It was really nice to have a very positive teaching experience. My first class (last Thursday) was wretched, as I'd written. So things are looking up!

It's Alistair's bday tomorrow, and we're trying to find him a guitar. Duncan and I went on a sojourn to a department store at lunch, but it was fruitless. Everyone we asked (*cough* Duncan asked) said it was somewhere else. Finally we got out of someone back on the first floor (out of 4 floors scrounged in 42 degree weather with humidex) that they didn't have them. So we went for dumplings. When in doubt, eat.

When I get home, I should have an air-conditioner in my room. So I can finally close my windows to block out the 24-hour construction and not die of suffication. Yay!

I think that's it for now. Oh, wait... Friday. Friday was a day off, thankfully. That evening, we all went for steak (and it wasn't bad!) and then bought beer, popped 'em open and wandered down the street to the memorial. It was busy, but not packed. It was awesome. Tonnes of people, lots of lights, folks sitting in front of flower plots playing cards in groups of 5-8... and I played hacky-sack for 2 hours with a group of Chinese teens. I think about 8-10 pictures were taken of the weird foreigner playing what they all must have assumed was a Chinese game. To be fair, it was: the 'sack' was actually a padded spring with colourful feathers coming out of it. It looked like a badminton fly (or whatever that widget is called). Lots of fun, but I paid for it... I was soaked after 2 hours of playing, I got a sore throat, and woke up with a nasty cold.

Meanwhile... I missed Nick mesmerizing 120+ Chinese by pretending to do stunts with glowsticks. He was even pulling people out of the audience to help him. He'd do some strange moves, and everyone would clap. Ever seen that Fat Boy Slim music video where they're all doing dance/interpretive dance in a mall and people start gathering, half-amazed, half-confused? Duncan and Alistair described it exactly like that: Nick wasn't actually doing anything. Just moving his hands around fast or putting glowsticks in his mouth and pretending to balance them, etc. Too funny.

Okay, I'm outta here. Busy week ahead of me, starting Weds: 6 hours of class a day (2 classes per day) and only 2 days to prep for them all. Next Saturday, I start my first new class (ie, not just taking someone else's over).

Wednesday, July 26, 2006

O Life In Flux

Okay, so... I jump into work tomorrow afternoon, 2:30-5:30 class. 15-17 year olds, advanced English. I've met them and spoken with them (been "interviewed" by them) and they're an absolutely stand-up bunch. I then have more prep to do for a class of 13-14 year olds (also advanced) on Friday morning. Then it looks like we're shut down for half the day as the Chinese Chairman is in Tangshan to commemorate the 30th anniversary of the earthquake that killed 250,000 people.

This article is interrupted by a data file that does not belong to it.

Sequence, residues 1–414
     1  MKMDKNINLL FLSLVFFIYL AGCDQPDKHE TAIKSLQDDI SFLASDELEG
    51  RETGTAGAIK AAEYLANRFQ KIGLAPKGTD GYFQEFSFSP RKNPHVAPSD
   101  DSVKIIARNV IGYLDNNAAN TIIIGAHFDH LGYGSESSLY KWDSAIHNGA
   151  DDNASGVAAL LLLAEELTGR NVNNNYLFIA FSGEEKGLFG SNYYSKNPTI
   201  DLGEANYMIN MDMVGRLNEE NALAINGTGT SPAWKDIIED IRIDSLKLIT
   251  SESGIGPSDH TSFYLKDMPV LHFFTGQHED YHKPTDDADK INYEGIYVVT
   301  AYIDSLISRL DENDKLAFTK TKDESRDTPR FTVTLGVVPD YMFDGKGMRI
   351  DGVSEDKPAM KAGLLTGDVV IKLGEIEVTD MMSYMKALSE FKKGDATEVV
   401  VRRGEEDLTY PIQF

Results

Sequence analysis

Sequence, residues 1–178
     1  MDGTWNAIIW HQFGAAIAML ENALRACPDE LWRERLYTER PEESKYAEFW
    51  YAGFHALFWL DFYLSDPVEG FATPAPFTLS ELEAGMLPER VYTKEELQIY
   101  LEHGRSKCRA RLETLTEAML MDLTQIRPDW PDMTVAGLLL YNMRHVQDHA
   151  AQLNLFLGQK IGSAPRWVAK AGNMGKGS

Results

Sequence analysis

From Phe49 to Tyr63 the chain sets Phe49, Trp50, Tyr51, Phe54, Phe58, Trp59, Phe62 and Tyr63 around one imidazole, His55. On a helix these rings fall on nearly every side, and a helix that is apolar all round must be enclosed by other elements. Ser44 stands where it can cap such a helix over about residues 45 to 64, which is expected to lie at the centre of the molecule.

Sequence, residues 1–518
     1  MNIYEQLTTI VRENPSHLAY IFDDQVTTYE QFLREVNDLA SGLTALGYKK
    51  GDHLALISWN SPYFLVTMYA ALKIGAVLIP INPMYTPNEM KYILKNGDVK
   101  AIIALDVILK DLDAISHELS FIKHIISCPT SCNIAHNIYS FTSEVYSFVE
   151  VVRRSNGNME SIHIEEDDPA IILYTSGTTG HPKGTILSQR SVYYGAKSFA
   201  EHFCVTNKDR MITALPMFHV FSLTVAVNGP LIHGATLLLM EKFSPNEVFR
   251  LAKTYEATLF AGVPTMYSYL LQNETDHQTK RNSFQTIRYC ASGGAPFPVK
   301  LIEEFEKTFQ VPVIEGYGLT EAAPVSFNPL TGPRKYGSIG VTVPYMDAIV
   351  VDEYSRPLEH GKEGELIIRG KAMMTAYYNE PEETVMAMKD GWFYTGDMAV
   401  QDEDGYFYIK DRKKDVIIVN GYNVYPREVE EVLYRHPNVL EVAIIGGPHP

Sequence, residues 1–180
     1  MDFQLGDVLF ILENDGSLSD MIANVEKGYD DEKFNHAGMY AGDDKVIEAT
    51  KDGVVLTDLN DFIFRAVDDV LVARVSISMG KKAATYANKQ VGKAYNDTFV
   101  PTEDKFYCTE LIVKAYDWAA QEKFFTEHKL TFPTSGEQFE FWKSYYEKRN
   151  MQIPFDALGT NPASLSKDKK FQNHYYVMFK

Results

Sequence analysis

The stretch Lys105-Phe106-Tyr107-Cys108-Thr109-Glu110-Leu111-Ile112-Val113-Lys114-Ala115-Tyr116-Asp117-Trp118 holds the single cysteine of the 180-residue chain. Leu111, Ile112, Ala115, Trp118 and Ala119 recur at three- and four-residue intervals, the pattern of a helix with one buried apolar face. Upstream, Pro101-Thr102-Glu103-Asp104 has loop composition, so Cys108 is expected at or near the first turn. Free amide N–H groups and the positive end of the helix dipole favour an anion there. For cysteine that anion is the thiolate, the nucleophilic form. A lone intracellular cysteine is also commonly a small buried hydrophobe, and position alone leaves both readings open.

Did I already write all this in my other entry today? Christ, things are just moving really quickly, and I have to jump into a young learners class in 2 minutes to observe the language level and exchange style.

I now have a temporary address (the school's) so email me if you want it. Zaijian!

To Tangshan, go!

Alright, I'm finally out of Shijiazhuang. With a dense population of 8.6 million people, the polution was pretty bad, and there just wasn't much to that city.

I arrived yesterday in Tangshan (5.5 hour bus ride during which they played a Jet Li movie, a movie with the actor who was Broken Sword in 'Hero', some weird-ass romantic comedy about a calligrapher, and the beginnings of a Chow Yun Fat movie... in FRENCH of all things).

All is well. I wish I had the time to write down all the cool stuff and minutiae that have stood out in my mind since being here. I will do so once I have internet access at home. I'm writing from a public computer at the school I'm at. I'm in an apartment with a Brit named Alistair (awesome guy - he's been fantastic). There are 6 teachers here now with Camilla and I having signed on. They're all British except for her and I. We went for drinks last night (most beer is served in like 750 or 1 litre bottles, and you're given snifter glasses) and everyone has been just incredible.

Today I found out that I'm taking over the classes of a teacher who did a 'midnight run' a short while back. My first class is on Friday. It's 2 hours. It's busy time right now, and will be for another 2 weeks or so. The class is pre-intermediate (basic conversation level) and aged 13-14. Should be fun. I watched Duncan's 10-11 class this morning, and I did an introduction and the kids all asked questions. They thought it was hilarious that my Chinese name is Bai ke. (A woman at Shijiazhuang Foreign Language University gave it to me. It means "white", with ke simply being a phonetic extension so that Bai ke sounds like Pat ck.)

Enjoying myself a good deal, though it'd be nice if China didn't have 24/7 construction directly behind my new place, just outside my window. Nothing like listening to 3am jackhammers and loud Chinese cursing and I-beams being dropped from a hundred feet onto packed earth. Hey, it's all part of the experience, I figure.